Even a fading Farage can deny Cameron victory
UKIP may have peaked but the Eurosceptic party is still likely to take enough Tory votes to catapult Ed Miliband into Downing Street
It is the British Left that is supposed to split, not the Tory tribe. Long before Monty Python in The Life of Brian so brilliantly satirised the tendency of comrades to fall out — "Judean People's Front? We're the People's Front of Judea!" — they were often much happier fighting each other than they were fighting conservatives.
Whether it was the Socialist Review Group, which became the International Socialists, being expelled from the Revolutionary Communist Party in 1950; or the International Marxist Group fragmenting into three factions during the miners' strike in the mid-1980s; or the social democrat big beasts led by Roy Jenkins walking out of the Labour party to form the SDP — the Left, even the moderate parts of it, was fond of fissure.
In contrast, the Tories' advantage was supposed to lie in their determination to avoid fragmentation. There was often considerable scope for divisions and feuding behind the scenes, which sometimes spilled over spectacularly into the public arena. But having split over the Corn Laws in the mid-19th century, and then spent so much time out of office in subsequent decades, most Tories tended to take a worldly approach, particularly when elections came around.
Politics was no good without power. And to secure it, Tories understood that they must hang together as a broadly-based and unified force.
Then, in 1990, came the fall of Margaret Thatcher, and in February 1992 the signing of the integrationist Maastricht Treaty by her successor John Major. This combination produced the equivalent of a collective nervous breakdown in parts of the Conservative Party.
There was an oddity, of course, in that Mrs Thatcher as Prime Minister had herself signed away so much more to what became the European Union than Major. She only realised it towards the end of her time in office. But in the early 1990s the notion that the Conservative Party had had its rightful leader removed by an establishment plot fused with the sense that Europe had gone too far.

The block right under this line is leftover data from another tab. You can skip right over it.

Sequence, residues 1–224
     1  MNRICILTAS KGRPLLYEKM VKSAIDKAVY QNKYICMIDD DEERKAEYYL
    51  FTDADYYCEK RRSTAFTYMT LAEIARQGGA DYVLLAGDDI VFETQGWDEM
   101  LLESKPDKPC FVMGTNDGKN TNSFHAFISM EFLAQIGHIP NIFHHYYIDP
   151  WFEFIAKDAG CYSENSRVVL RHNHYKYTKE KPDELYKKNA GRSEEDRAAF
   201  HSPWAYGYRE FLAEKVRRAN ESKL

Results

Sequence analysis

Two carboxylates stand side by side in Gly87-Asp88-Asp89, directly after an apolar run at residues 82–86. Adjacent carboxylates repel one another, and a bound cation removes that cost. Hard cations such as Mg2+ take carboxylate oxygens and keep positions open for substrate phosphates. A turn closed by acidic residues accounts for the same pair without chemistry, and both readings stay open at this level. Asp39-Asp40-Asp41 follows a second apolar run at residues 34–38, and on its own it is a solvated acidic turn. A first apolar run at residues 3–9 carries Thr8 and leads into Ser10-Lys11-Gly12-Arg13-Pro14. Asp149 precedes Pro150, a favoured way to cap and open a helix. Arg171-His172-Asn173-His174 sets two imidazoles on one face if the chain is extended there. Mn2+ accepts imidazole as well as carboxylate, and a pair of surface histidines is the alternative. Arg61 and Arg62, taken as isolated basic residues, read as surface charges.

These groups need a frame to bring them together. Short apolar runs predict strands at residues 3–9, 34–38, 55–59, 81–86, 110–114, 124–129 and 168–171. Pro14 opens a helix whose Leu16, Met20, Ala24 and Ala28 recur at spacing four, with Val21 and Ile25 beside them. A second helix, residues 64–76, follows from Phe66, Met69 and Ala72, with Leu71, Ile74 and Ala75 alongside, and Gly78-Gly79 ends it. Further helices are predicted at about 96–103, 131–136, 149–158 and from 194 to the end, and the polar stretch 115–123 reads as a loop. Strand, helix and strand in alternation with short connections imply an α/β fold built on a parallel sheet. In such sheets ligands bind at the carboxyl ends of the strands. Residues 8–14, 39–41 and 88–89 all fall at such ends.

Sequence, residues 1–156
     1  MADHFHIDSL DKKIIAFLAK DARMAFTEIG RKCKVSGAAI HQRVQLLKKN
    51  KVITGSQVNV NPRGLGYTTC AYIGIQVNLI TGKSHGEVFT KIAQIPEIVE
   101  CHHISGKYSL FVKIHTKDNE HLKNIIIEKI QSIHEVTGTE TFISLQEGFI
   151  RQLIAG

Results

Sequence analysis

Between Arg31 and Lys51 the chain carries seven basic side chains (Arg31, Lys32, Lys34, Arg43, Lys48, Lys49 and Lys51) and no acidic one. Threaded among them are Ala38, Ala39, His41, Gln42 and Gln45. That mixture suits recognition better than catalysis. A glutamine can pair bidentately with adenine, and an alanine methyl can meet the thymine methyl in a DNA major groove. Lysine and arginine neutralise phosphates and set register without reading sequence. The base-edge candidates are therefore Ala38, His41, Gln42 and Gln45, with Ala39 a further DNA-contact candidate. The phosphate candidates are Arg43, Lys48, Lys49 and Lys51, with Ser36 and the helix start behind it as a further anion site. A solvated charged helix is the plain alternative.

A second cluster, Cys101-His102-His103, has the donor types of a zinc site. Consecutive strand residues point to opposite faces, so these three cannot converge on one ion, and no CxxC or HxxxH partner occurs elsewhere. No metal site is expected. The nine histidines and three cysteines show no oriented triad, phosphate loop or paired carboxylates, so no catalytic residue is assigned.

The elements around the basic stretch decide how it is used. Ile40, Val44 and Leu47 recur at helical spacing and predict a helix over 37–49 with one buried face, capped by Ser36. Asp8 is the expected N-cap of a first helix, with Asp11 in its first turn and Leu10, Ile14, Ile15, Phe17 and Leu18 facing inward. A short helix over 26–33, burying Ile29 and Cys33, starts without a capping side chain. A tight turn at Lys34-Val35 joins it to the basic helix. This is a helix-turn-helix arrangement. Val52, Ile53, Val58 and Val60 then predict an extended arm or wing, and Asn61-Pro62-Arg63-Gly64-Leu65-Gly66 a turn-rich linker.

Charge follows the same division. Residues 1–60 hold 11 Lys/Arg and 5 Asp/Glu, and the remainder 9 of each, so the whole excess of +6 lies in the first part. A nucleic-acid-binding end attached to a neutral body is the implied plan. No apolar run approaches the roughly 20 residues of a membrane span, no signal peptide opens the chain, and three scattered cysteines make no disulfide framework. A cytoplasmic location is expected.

A novel idea emerged which was potentially extremely dangerous for the Conservatives. Perhaps the mainstream Conservative Party was no longer capable of accommodating all types of Tory.
While many Conservative MPs and activists stayed to rebel or complain, other Thatcherites, like the young City trader Nigel Farage, looked for alternative outlets. Farage joined the United Kingdom Independence Party, a grassroots enterprise founded in 1993 to fight Maastricht. The Referendum Party, established shortly afterwards to get a vote on UK membership of the EU, was quite different. It was a rich man's project run by the billionaire Jimmy Goldsmith.
Two decades later the Referendum Party is long gone, a historical footnote, and it is the cheeky-chappy Nigel Farage's UKIP which has grown to such an extent that it now imperils the ability of the once-mighty Conservatives to win a general election.
It is not just that UKIP has of late been harrying the Tories in by-elections and local elections, while hoovering up protest votes of the kind that are available between general elections. Farage has got further than that in convincing certain kinds of conservatives that the Conservative Party has betrayed or abandoned them.
In this way, a portion of the Tory tribe in the country that would once have been solidly, almost unquestioningly for the Conservatives, now wears the gaudy purple and yellow colours of UKIP. Farage has built a membership of 33,909 (as of February), not only by attracting concerned citizens who reject the mainstream parties or political correctness, along with some outright maniacs, but also by stealing away disgruntled Tory activists and golf club conservatives. If Denis Thatcher were still alive, you suspect that he might have been tempted by UKIP.
The party is now regularly polling above 10 percent of the vote in opinion surveys. Yet it need not score that high in the general election, or win a single seat, to do the Tories damage. Even if it sinks back to 6 per cent or 7 percent, that will constitute in the region of two million votes in a tight election when Cameron needs every vote he can get.
This new force on the Right, born of a split in the Tory tribe, could deliver victory by default to Ed Miliband, perhaps the most left-wing leader of the Labour party since Michael Foot. Before that comeS the European elections in May, ahead of which UKIP has talked up its chances of coming first or pushing the Conservatives into third place.